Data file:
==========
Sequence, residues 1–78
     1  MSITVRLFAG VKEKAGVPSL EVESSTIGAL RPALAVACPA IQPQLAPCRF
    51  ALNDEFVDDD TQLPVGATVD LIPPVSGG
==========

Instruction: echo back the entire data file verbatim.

Sequence, residues 1–78
     1  MSITVRLFAG VKEKAGVPSL EVESSTIGAL RPALAVACPA IQPQLAPCRF
    51  ALNDEFVDDD TQLPVGATVD LIPPVSGG